Conversely, at the same skeletal muscle index (29 cm2/m2), different patients can have very different amounts of adipose tissue. In scans of patients who were both sarcopenic, BMI was 40 kg/m2 in one patient but 15 kg/m2 in the other. Clearly, BMI can vary widely among patients with the same muscularity. “We really need to move beyond BMI to these more precise measures of muscle and fat,” she concluded. 

SCANS Studies Dig Deeper

This approach has been used in the Sarcopenia, Cancer, And Near-Term Survival (SCANS) studies in breast cancer (B-SCANS) and colorectal cancer (C-SCANS). These studies have enrolled large cohorts of patients with nonmetastatic breast cancer (n = 3,281) and colorectal cancer (n = 3,262), mostly from Kaiser Permanente. 

Researchers looked for an association between BMI at diagnosis and risk of death from any cause among non-Hispanic white and non-Hispanic black breast cancer patients. Adjusted for confounders, the following were the key findings:

  • No association with mortality after breast cancer 
  • For BMI of 25 to 30 kg/m2: a nonsignificant inverse association for overweight black women but no elevation in mortality risk for whites
  • For BMI > 30 kg/m2: a nonsignificant incremental increase in risk for black women and no trend for white women.

“BMI here is not doing its job of associating with survival,” she commented. “We tried looking at imaging data in these women to understand these findings.”

By measures of visceral fat, however, a different pattern emerged according to race. With increasing BMI, black women had lower levels of visceral fat than white women of the same BMI, though at higher BMI levels, black patients had on average “a little more subcutaneous fat,” she said. 

“That’s important to keep in mind. BMI is not representing the same thing in these populations,” she pointed out.

As for skeletal muscle, at every BMI category, black breast cancer patients had significantly more muscle. A similar pattern was seen for both men and women with colorectal cancer and also for noncancer populations—“differing patterns of adipose tissue distribution and muscularity by race and ethnicity,” she said.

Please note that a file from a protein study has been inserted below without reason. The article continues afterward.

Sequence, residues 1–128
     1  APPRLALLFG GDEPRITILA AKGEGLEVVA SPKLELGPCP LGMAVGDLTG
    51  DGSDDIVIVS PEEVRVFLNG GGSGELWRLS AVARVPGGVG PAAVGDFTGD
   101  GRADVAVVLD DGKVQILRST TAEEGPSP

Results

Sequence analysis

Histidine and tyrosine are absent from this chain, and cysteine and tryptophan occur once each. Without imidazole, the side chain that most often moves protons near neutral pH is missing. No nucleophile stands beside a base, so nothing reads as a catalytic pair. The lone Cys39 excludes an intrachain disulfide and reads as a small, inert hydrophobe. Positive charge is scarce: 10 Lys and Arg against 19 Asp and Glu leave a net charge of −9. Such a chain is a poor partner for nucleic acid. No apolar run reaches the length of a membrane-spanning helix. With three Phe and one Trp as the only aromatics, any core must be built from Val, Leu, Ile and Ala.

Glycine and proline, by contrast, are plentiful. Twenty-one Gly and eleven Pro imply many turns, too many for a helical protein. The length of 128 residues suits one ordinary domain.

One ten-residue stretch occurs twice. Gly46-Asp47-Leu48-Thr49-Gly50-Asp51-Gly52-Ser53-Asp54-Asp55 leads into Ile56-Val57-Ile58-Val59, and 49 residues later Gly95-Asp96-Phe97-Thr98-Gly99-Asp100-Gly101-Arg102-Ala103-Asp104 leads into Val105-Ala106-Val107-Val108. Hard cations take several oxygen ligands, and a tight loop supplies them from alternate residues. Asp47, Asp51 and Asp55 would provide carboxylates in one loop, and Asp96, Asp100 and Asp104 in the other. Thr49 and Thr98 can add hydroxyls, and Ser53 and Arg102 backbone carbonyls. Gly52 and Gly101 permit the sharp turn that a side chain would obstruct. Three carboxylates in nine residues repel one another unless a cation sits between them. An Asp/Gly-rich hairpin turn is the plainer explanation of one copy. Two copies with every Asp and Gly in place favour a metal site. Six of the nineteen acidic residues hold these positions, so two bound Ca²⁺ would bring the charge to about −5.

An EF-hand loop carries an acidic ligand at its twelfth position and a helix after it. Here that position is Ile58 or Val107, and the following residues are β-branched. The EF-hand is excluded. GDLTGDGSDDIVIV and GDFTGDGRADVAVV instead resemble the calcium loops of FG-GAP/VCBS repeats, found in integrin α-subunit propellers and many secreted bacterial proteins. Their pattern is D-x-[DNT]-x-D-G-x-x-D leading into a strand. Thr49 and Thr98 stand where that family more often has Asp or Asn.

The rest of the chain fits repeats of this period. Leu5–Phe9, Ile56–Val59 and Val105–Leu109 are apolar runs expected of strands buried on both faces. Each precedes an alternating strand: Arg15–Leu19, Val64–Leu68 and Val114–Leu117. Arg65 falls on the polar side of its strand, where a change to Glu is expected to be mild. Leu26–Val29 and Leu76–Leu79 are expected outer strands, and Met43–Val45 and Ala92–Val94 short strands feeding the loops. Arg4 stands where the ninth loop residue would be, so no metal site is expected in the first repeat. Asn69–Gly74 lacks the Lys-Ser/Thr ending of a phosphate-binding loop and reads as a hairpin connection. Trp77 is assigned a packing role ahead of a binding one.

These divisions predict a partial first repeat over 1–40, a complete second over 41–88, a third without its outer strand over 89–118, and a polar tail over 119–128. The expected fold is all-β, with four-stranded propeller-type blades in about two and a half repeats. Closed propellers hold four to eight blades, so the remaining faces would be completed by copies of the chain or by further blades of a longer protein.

Body Composition and Survival

Dr. Feliciano’s team then explored the association between visceral adiposity in the breast cancer patients and the risk for death. On average, black women in the B-SCANS study had less visceral fat, but with increasing adiposity, a “robust” increased risk of death after breast cancer emerged. “So while these [black] women may have less visceral fat, visceral fat is definitely emerging as an independent risk factor for death,” she said. “In the white patients, we did not see that.” 


For more on the effects of obesity on cancer survival, see Cespedes Feliciano EM, et al: Metabolic dysfunction, obesity, and survival among patients with early-stage colorectal cancer. J Clin Oncol 34:3664-3671, 2017.

Interestingly, in both black and white breast cancer patients, increased muscularity was associated with a decreasing risk of death after breast cancer and also in colorectal cancer. “Importantly, while these differences in body composition help us understand and interpret the associations of BMI with mortality, they are not explaining racial disparities,” she said. 

Current findings are “underscoring the need to move beyond BMI,” she concluded. “BMI may be useful at the population level, for surveillance, but with a growing population of older, ethnically diverse cancer survivors, we are going to need more precise measures of muscle and fat mass if we are going to individualize supportive interventions.” 

Meanwhile, clinicians can tell patients that body composition can be modified through exercise, and this has many quality-of-life benefits and potentially even survival benefits. ■

DISCLOSURE: Dr. Feliciano reported no conflicts of interest.


1. Cespedes EM: 2017 AACR Conference on the Science of Health Disparities in Racial/Ethnic Minorities and the Medically Underserved. Presented September 28, 2017.

2. Kwan ML, et al: Am J Epidemiol 179:95-111, 2013.

3. Martin L, et al: J Clin Oncol 31:1539-1547, 2013.